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TIPS & TRICKS


Most of these tips are for Windows98, but many will work with Win95 and WinME. Click on the tip for detailed info.

More General Tips - Page 2

Advanced Tips

Listing of All Tips


GENERAL TIPS

1. Fixing your problem - First thing to try -- Reboot.

.. a. Maintain your computer - ScanDisk.

.. b. Maintain your computer - Defrag.

.. c. Help yourself - Use the Help files.

.. d. Update your files and programs at Windows Update.

.. e. Next step - Don't be afraid to call your tech support.

2. Right-clicking may be the answer.

3. Making your taskbar reappear if you lose it.

4. Open in New Window when browsing.

5. Which program to 'Open With'.

.. a. Changing the default program that opens a file type.

.. b. Change the default program easily using the 'Open With' option.

.. c. Editing file types.

6. Display all file extensions.

7. Improve Visual Settings such as smoother screen fonts.

8. Using Windows Explorer.

.. a. Add programs to the 'Send To' menu.

.. b. Organize the Start > Programs menu.

9. Show Speaker icon in the system tray.

10. Microphone setting.

.. a. Test your microphone using Sound Recorder.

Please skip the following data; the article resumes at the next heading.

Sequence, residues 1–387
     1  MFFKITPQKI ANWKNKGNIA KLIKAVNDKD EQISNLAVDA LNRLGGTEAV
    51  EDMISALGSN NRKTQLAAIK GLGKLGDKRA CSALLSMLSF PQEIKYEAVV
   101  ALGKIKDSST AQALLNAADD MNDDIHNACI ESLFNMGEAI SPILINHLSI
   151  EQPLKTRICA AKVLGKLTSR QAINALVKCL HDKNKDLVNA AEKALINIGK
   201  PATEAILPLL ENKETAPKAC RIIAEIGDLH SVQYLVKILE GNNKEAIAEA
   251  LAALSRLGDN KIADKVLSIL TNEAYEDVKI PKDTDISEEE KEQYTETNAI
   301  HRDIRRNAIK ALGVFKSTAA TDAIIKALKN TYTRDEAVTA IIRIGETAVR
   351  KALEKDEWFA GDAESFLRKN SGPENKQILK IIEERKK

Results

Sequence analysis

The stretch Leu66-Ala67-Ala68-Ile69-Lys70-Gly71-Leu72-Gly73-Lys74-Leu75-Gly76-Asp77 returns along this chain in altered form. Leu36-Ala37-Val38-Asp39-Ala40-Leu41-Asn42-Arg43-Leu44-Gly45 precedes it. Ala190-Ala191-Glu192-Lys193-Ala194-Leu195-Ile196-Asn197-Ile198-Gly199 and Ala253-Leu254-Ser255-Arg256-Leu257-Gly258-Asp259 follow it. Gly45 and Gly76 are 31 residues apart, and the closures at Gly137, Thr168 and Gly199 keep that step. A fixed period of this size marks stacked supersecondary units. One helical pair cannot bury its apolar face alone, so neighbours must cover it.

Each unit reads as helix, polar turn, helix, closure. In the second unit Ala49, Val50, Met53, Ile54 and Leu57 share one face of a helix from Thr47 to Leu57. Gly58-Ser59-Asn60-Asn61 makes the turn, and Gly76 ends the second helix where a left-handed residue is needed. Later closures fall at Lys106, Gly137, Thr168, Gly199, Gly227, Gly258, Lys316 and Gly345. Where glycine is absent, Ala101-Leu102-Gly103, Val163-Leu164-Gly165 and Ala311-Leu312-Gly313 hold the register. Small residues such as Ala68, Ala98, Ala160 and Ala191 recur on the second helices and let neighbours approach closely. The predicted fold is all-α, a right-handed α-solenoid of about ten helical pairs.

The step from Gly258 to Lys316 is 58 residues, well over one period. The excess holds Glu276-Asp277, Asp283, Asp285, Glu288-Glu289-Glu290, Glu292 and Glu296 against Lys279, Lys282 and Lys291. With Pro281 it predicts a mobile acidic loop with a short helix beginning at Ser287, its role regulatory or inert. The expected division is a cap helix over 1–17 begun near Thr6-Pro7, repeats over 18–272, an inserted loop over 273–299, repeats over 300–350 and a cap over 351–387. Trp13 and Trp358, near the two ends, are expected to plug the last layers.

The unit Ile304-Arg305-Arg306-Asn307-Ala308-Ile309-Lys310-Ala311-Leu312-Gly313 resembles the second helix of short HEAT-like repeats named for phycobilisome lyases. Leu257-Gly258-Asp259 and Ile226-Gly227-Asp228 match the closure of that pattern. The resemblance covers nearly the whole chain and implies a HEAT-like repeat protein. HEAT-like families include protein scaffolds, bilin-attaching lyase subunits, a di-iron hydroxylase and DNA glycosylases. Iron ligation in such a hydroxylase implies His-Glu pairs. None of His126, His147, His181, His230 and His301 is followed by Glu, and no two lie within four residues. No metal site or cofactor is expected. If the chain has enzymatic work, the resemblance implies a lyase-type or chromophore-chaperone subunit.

11. Reduce programs in 'StartUp' folder for better performance.

.. a. Use MSCONFIG to reduce programs on Startup, and improve System Resources.

.. b. Checking and keeping tabs on your System Resources.

12. Changing your background wallpaper.

.. a. Adding more background wallpapers.

13. How to take a screenshot.

14. Always try to save image files as JPGs and GIFs.

15. View image files as thumbnails in any folder.

16. Use Winamp to convert MP3s to WAVs.


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Click here for Advanced Tips.

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GENERAL TIPS


1.)  Reboot. This will solve most temporary problems. Just go to the Start button > Shut Down > and choose 'Restart'. You can also press Ctrl+Alt+Del keys, and press them again after you see the the 'Close Program' box. Rebooting will give your computer a fresh start and you'll be surprised how often this will fix your problem. It also will be one of the first suggestions tech support will recommend if you call them (see Tip #1c).

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1a.)  ScanDisk (error checking utility) is one of the regular maintenance functions you can perform on your computer to keep it in top working order. To access it, double-click My Computer, then right-click on (C:) and choose Properties, and go to the 'Tools' tab. Another way to access it, is to go to Start > Programs > Accessories > System Tools. Click the 'Check Now' button (if you are on the 'Tools' tab), then choose 'Standard' as the 'Type of test'. Don't put a check beside 'Automatically fix errors'. Instead let it notify you of each individual error, and you can decide which action to take. A Thorough test will take a lot longer, and you can do this occasionally to see if the surface of your Hard Drive is okay.